A definitive name in Beacon Hill, Chef Jacky Robert’s French brasserie serves up any French classic you could possibly crave—from escargots and moules frites to cheese fondue and frog legs. The intimate bar also serves up a selection of regional aperitifs so you can sit down for L’Apéro, including Americano, Lillet Blanc and Martini Rouge, served neat or mixed into the cocktails offered on their limited but unique drink menu.

  • Restaurants
  • French
  • Back Bay
  • price 4 of 4

Chef Michael Serpa refers to his French bistro as “simple” and, while it channels the energy of a casual wine bar on a lesser populated Parisian Street, the flavors here are so robust and varied that they are anything but simple. The straightforward menu carries the classics, including a charcuterie plate and venison, in addition to a pleasantly surprising selection of vegetables, including cauliflower, bok choy and mushrooms that complements the chef’s French foundation.

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  • Restaurants
  • French
  • Fenway/Kenmore
  • price 2 of 4

If you’re craving steak frites or coq au vin, this South End address is here to satiate. The elegantly styled French bistro serves a number of unique French dishes at both lunch and dinner (like calf’s liver with onions and beef tartare), all of which can be perfectly paired with a selection off of its lengthy French wine list. No matter what time of day that you visit, just don’t skip the baguette, an elevated offering on a bread course you won’t want to miss.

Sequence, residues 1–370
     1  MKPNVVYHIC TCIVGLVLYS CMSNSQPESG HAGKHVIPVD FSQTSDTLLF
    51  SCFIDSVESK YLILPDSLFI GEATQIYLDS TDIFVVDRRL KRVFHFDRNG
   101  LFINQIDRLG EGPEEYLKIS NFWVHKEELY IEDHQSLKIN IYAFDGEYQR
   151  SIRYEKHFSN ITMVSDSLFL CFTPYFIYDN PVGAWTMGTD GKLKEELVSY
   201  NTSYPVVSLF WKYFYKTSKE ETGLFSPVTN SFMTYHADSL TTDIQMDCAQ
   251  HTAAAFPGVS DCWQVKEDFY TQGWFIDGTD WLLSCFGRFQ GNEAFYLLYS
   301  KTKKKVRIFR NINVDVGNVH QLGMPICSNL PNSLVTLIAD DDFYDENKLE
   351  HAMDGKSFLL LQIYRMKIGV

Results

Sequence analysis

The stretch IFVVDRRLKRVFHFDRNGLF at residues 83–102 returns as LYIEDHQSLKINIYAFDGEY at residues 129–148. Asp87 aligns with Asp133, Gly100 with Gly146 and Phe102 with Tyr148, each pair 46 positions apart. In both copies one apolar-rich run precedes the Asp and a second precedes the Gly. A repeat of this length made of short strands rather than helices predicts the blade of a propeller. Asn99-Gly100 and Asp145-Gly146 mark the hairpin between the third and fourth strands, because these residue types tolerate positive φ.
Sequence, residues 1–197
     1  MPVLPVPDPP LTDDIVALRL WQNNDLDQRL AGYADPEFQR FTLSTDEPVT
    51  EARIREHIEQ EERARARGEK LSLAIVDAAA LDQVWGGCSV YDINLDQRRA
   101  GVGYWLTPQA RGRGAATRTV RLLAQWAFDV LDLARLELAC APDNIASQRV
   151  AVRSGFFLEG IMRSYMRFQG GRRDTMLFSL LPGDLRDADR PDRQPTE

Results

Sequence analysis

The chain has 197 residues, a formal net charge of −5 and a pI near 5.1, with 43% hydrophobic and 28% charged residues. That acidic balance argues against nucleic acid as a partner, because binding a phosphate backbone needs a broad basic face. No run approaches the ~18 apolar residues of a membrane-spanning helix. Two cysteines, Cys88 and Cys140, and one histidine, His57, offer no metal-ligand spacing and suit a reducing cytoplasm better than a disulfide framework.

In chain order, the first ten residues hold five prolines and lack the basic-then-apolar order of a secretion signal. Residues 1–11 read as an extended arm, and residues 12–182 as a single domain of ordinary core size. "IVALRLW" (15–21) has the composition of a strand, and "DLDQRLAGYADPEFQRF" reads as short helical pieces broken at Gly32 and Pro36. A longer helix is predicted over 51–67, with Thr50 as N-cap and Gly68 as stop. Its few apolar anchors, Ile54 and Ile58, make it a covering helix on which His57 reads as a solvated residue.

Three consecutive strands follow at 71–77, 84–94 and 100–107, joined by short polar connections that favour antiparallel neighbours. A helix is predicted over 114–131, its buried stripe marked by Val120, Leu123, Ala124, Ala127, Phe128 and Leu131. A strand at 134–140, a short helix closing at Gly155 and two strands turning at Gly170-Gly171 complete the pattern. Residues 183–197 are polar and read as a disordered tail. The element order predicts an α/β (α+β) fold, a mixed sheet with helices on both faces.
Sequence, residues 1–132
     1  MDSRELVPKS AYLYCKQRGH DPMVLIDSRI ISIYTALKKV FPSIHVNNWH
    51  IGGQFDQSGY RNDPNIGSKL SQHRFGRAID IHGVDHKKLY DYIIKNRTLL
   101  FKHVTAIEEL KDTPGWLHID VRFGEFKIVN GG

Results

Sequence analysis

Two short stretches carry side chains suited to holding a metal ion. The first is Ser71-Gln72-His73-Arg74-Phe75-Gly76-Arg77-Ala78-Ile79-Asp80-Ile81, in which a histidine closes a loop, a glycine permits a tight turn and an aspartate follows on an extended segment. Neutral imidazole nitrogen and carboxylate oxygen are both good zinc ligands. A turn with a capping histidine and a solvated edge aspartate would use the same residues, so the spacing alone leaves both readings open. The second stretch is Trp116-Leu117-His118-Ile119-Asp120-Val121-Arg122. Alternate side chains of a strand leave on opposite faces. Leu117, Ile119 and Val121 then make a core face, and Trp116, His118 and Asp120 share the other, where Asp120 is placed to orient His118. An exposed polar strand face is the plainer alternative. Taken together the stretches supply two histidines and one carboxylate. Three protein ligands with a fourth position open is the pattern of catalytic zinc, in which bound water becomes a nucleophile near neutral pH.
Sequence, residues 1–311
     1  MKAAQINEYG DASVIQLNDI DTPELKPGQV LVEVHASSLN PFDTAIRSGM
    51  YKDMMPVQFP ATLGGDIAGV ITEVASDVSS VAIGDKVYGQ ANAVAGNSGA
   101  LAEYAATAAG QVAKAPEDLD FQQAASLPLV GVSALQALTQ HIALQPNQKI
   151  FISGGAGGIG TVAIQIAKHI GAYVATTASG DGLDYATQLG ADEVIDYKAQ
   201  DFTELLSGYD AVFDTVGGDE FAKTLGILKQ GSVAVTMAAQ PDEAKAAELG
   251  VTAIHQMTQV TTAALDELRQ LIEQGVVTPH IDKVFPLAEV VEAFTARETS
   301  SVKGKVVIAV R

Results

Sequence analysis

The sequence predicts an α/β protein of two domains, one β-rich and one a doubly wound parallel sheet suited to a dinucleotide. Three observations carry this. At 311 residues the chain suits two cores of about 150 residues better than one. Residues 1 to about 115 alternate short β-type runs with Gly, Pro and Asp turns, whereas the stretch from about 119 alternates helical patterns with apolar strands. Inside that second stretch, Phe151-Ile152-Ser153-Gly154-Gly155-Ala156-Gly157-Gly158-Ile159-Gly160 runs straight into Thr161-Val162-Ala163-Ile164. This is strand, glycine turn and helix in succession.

• Restaurants
  • French
  • Back Bay
  • price 3 of 4

Traditionally French yet creatively Boston, this behemoth space is spread across a casual bar and eatery, elevated upstairs dining room and daytime cafe, where French pastries call your name. The escargot and charred octopus make an ideal first bite before ordering the divinely filling côte de boeuf or classic bolognese.

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  • Restaurants
  • French
  • South End

The garnet interiors and minimalist-branded plates exude a true French bistro experience before you even sit down. A slew of French classics appear on this menu, however, a few of our favorites include duck à l’orange and sole meunière. For something a little less traditional but remarkably flavorful, opt for the truffle burger made with dry aged beef and truffle sauce, and served on a toasted potato bun.

  • Restaurants
  • Seaport District

Situated inside the Seaport’s newest hotel, the Omni Boston, the whimsically pastel-lined walls of Coquette transport diners to the Basque Country, where French and Spanish coastal influences appear on menu items like clams gratiné and tuna au poivre. There are also small bites, more similar to the Spanish influence of tapas but still feature the flavors of France, like the mussels picante and joues de bouef.

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  • Restaurants
  • French
  • Back Bay

Basked in a deep mahogany glow, the ruby interiors of this underground, Newbury Street venue contribute a suave atmosphere to its sophisticated menu. Inspired by the original Cannes restaurant, La Voile au Vent (The Sail in the Wind), founded in 1947, much of the decor, including the vintage chandelier and sailing art, now adorns Boston’s La Voile. This authentic history translates to the menu, where foie gras, French onion soup and cassoulet tantalize you to order more and more.